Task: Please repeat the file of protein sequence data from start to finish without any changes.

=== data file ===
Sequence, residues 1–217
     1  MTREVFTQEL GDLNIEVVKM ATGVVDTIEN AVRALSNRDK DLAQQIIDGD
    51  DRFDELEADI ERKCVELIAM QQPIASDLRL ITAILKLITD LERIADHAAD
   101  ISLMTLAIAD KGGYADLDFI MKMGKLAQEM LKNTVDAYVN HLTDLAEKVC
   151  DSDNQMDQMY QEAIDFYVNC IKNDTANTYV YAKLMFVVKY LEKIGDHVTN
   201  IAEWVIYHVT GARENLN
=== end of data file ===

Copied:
Sequence, residues 1–217
     1  MTREVFTQEL GDLNIEVVKM ATGVVDTIEN AVRALSNRDK DLAQQIIDGD
    51  DRFDELEADI ERKCVELIAM QQPIASDLRL ITAILKLITD LERIADHAAD
   101  ISLMTLAIAD KGGYADLDFI MKMGKLAQEM LKNTVDAYVN HLTDLAEKVC
   151  DSDNQMDQMY QEAIDFYVNC IKNDTANTYV YAKLMFVVKY LEKIGDHVTN
   201  IAEWVIYHVT GARENLN